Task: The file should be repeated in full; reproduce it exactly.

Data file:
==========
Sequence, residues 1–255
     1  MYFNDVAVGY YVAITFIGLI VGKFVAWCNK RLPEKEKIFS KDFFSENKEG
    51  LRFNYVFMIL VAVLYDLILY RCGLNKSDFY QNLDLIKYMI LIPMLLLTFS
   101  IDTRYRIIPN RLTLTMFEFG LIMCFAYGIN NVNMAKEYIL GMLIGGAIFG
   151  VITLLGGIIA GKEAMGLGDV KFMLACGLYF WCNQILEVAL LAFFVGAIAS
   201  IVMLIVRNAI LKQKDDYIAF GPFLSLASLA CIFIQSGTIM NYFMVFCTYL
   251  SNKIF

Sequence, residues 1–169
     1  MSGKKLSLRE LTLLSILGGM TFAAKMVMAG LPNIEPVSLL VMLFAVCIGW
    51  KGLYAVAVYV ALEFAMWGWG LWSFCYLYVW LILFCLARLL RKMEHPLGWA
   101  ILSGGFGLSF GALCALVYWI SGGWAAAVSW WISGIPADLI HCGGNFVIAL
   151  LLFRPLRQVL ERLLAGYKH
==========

Sequence, residues 1–255
     1  MYFNDVAVGY YVAITFIGLI VGKFVAWCNK RLPEKEKIFS KDFFSENKEG
    51  LRFNYVFMIL VAVLYDLILY RCGLNKSDFY QNLDLIKYMI LIPMLLLTFS
   101  IDTRYRIIPN RLTLTMFEFG LIMCFAYGIN NVNMAKEYIL GMLIGGAIFG
   151  VITLLGGIIA GKEAMGLGDV KFMLACGLYF WCNQILEVAL LAFFVGAIAS
   201  IVMLIVRNAI LKQKDDYIAF GPFLSLASLA CIFIQSGTIM NYFMVFCTYL
   251  SNKIF

Sequence, residues 1–169
     1  MSGKKLSLRE LTLLSILGGM TFAAKMVMAG LPNIEPVSLL VMLFAVCIGW
    51  KGLYAVAVYV ALEFAMWGWG LWSFCYLYVW LILFCLARLL RKMEHPLGWA
   101  ILSGGFGLSF GALCALVYWI SGGWAAAVSW WISGIPADLI HCGGNFVIAL
   151  LLFRPLRQVL ERLLAGYKH